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#IND2017: Facts you may not know about Florence Nightingale - Nursing Heroes - Nurses Arena Forum

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#IND2017: Facts you may not know about Florence Nightingale by Idowu Olabode : May 12, 2017, 03:48:54 PM
Today is International Nurses Day, which is recognised around the world as a chance to celebrate the work nurses do.

Each year, ICN will prepare and distribute the International Nurses Day kit, which contains educational and public information materials for nurses to use.

The UK marks the day by holding a ceremony in Westminster Abbey in London, where a symbolic lamp is passed between nurses and onto the High Altar, which signifies the passing of knowledge from one nurse to another.

In January 1974, May 12 was chosen as the day as it is the anniversary of Florence Nightingale’s birth – the woman who is seen as the founder of modern nursing.

Here are some facts you may not know about the woman who was hailed as a heroine in Victorian times.

Nurses from the Liaoning Hospital of Chinese Armed Police light candles before pictures of Florence Nightingale in Shenyang to mark International Nurses Day

1. Florence grew up in a wealthy family in Romsey, Hampshire, mingling with other rich children and spending her time attending parties and seeing friends.

2. That all changed on February 7 1837, when she was 16 – she became convinced that the voice of God was calling to her, and believed that He wanted her to carry out special work.

3. When she reached her twenties, she began to believe that God wanted her to be a nurse, after taking an interest in how the sick people in the villages around her home were taken care of.

4. Her parents were shocked and angered at her decision to go to Salisbury hospital and learn about how to become a nurse.

5. At the time, nurses generally came from poor families.

6. She eventually received training while visiting Kaiserwerth, which is now Germany, as she visited a hospital famous for training nurses and attended for three months.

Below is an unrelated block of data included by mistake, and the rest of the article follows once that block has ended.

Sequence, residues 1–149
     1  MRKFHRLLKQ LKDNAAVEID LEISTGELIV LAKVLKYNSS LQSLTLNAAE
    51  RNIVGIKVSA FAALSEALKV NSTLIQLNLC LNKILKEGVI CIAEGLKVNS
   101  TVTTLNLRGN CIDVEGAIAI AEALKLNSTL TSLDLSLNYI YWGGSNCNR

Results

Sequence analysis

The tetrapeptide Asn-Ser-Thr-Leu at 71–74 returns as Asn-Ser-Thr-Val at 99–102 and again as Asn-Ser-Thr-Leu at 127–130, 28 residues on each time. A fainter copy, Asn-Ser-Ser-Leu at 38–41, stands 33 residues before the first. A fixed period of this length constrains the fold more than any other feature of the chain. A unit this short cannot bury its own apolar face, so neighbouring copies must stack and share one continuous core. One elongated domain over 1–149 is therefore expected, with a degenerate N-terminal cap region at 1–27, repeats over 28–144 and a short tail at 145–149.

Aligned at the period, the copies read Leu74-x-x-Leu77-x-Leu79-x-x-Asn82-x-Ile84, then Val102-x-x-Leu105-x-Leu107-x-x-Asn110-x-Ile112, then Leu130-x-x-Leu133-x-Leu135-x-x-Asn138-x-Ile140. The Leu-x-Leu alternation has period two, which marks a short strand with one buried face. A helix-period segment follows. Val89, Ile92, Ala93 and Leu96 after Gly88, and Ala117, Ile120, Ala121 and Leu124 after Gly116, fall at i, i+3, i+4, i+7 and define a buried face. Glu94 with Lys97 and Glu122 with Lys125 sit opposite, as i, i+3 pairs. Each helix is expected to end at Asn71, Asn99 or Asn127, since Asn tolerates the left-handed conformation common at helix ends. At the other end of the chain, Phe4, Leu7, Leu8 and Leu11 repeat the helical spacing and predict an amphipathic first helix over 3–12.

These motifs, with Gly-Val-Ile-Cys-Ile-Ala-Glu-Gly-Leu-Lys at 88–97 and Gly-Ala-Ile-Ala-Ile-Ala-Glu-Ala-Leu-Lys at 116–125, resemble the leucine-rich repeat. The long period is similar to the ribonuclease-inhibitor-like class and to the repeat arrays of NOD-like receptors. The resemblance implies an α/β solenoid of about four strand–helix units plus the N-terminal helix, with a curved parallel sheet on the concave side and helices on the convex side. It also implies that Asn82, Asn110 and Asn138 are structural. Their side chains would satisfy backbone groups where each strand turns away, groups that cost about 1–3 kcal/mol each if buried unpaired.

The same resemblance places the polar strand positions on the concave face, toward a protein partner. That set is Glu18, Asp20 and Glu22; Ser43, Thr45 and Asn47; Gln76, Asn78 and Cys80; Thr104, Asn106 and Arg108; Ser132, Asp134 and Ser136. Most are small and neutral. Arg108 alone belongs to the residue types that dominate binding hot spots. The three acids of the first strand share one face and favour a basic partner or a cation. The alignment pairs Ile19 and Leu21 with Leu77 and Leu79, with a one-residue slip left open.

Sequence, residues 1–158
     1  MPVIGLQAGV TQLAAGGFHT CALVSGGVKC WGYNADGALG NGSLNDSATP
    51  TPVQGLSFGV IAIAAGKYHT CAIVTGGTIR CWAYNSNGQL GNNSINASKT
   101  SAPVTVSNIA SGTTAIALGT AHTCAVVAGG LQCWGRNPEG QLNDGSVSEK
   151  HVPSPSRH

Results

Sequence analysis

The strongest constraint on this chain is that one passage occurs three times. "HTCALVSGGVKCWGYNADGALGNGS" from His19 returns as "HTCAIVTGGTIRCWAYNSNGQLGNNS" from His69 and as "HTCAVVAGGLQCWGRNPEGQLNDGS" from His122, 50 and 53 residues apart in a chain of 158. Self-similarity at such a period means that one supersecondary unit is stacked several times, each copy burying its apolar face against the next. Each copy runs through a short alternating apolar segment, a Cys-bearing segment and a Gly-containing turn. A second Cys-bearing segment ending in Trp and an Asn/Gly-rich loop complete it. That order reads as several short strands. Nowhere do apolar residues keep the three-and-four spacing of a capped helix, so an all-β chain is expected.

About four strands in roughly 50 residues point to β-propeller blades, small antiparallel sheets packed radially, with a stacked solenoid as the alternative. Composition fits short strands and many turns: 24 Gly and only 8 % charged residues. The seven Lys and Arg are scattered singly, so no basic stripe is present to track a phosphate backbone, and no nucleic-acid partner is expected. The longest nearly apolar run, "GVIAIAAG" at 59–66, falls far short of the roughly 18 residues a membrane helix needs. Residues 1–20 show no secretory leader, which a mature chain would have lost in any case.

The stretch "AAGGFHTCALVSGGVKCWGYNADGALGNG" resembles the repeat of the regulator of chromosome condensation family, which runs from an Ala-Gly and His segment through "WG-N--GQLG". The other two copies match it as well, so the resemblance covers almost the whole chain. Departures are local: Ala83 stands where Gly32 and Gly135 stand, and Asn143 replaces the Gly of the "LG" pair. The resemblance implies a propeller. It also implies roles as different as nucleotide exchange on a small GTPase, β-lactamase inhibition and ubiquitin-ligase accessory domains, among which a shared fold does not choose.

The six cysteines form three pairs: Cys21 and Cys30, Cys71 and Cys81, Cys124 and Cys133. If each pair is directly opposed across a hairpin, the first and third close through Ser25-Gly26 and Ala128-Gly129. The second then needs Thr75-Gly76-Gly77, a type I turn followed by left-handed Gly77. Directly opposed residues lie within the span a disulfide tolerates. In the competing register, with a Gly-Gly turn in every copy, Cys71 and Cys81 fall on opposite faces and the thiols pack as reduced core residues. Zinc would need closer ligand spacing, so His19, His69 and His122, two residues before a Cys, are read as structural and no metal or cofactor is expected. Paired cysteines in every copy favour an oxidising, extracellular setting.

7. When she returned home, she put her new skills to good use, as her parents had become ill.

8. At the age of 33, she took a job running a small private hospital in Harley Street, London.

9. When her father realised she was serious about helping the sick, he promised to pay her £500 a year – which was an enormous sum of money during Victorian times.

10. In 1854, during the Crimean War, one of Florence’s friends – who was a member of the government in charge of the military – asked her to get a group of nurses together and head for the Crimea, in Turkey.

11. At first, the doctors didn’t want the help of Florence and her 38 nurses, but as wounded soldiers increased in number, they changed their minds.

12. Florence changed the dirty conditions of the hospital by cleaning the drains, arranging for a supply of drinking water and getting clean sheets and bandages for the hospital stores.

13. As she grew in popularity, the soldiers called her the ‘Lady with the Lamp’, as she would walk down the hospital wards at night to check on her patients.

14. When she returned to England in 1856, she was seen as a national heroine.

15. Many Victorians had ornaments of her in their homes, and she received thousands of letters from the public to thank her for the work she had done during the war.

16. She met with Queen Victoria in Balmoral, Scotland, and they discussed improvements that could be made to military hospitals.

17. In 1860, she set up the Nightingale Training School for nurses at St Thomas’s Hospital, London.

18. Those who completed the training were known as Nightingale Nurses.

19. She was awarded the Royal Red Cross from Queen Victoria, and the Order of Merit in 1907 from King Edward VIII. This was the first time a woman had been awarded the Order of Merit.

20. She died in 1910, aged 90, and was buried in a Hampshire churchyard with a simple tombstone.

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